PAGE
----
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‘Rabbit Hole’ The new single from Blue Violet

“Rabbit Hole” is a personal and poignant cut from Blue Violet

“Rabbit Hole” is a personal and poignant cut from Blue Violet, taken from their debut album ‘Late Night Calls’ set for release on 29 April 2022.


A raw and minimalist ballad that tactfully grapples with addiction, self-destructive cycles and the powerlessness that comes with watching a loved one go through a hard time, “Rabbit Hole” is a shimmering and stripped-back sampler of the duo’s forthcoming full-length LP.

Gauzy and subtly heartbreaking, with a sound as tender and exposed as its lyricism, guitarist Sam Gotley began laying down the track’s foundations in the car after a long day at the studio. Speaking of “Rabbit Hole”’s inception, he says:

“This was one of those songs that exploded onto the page (I had to write and record voice notes frantically to get it all down without forgetting something), but it took a lot of fine-tuning to finish. This was an emotional song to record. Musically speaking, we kept things very bare and wanted to shy away as much as possible from electronic instruments and excess overdubs, so the end result is something quite natural using a lot of acoustic instruments, which the live room at Middle Farm Studios captured beautifully.”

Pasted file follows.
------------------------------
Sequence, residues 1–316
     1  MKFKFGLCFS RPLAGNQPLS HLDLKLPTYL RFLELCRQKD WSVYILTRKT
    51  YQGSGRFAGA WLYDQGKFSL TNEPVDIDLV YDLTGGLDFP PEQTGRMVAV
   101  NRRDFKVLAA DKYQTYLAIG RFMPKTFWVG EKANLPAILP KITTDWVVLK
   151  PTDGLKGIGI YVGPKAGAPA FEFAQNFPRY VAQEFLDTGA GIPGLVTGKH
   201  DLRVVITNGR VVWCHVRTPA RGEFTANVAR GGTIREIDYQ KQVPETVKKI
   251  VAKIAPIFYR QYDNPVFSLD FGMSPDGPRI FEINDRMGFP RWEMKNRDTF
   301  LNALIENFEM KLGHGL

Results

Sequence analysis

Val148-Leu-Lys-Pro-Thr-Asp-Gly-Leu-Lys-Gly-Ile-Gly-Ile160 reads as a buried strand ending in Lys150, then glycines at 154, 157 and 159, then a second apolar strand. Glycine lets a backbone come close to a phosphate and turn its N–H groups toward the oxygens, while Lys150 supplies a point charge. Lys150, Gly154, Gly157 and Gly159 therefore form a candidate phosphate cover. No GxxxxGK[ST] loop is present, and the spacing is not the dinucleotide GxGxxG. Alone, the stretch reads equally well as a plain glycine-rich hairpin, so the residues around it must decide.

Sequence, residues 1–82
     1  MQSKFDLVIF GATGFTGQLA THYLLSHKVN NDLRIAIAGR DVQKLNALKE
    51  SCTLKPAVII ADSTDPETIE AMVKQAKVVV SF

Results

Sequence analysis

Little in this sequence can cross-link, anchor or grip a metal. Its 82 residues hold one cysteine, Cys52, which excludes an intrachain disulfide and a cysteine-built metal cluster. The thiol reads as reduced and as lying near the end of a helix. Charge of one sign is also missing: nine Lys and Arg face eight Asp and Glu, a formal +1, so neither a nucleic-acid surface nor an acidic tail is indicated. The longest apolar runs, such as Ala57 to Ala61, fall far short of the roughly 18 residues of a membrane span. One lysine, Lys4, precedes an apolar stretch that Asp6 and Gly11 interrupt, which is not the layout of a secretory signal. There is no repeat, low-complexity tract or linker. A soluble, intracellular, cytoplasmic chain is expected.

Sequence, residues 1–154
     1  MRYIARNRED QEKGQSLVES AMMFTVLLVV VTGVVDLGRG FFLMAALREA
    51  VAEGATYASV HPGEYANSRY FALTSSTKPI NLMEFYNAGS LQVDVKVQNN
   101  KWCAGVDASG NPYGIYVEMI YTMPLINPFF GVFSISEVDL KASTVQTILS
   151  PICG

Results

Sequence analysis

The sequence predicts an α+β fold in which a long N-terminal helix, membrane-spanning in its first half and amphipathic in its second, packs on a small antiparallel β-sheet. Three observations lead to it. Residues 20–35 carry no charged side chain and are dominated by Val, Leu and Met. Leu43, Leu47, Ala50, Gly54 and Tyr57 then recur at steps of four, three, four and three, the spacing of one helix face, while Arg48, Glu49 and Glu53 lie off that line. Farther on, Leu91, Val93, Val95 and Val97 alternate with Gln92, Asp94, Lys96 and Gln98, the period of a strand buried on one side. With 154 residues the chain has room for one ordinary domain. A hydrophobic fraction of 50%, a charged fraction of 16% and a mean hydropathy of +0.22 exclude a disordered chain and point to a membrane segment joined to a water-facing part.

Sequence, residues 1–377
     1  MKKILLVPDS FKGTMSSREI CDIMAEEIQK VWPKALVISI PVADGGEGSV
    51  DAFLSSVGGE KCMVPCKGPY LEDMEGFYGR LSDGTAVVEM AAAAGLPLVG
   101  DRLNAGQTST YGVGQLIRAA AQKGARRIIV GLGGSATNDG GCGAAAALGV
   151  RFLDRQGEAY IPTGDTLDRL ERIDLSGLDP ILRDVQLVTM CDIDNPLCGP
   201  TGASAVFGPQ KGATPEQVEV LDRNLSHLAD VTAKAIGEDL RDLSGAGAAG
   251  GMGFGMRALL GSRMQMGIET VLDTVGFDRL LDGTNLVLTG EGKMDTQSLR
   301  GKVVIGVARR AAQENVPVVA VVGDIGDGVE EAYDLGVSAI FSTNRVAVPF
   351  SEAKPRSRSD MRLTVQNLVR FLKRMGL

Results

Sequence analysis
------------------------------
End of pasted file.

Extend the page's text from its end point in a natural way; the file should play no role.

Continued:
Citing a series of vintage influences, including Nick Cave’s “Nobody’s Baby Now” and Leonard Cohen’s “Chelsea Hotel”, “Rabbit Hole” contends with two differing perspectives: one spiralling and self-destructive, and the other determined to pick-up the pieces and cobble them back together.

And for all its vulnerability, the track proved an emotional one to lay down in the studio. Feeling compelled to retreat into herself and create an atmosphere where she felt completely alone with nobody listening, vocalist Sarah Gotley was “met with four weeping men in the control room” after she recorded the track’s vocals.

Expanding on “Rabbit Hole”’s backstory, she explains:

“To me this song is about protection. Whether that’s protection of self or protection of others. It has always felt like a very delicate subject to approach, being that so many people can relate to it on some level. So, approaching it with honesty, personal experience and sensitivity was the only way that felt right. Addiction from the viewpoint of someone who is on the outside looking in is such a fragile topic. Trying to address these emotions without feeling contrived, or playing on the pain of others for personal gain is difficult.”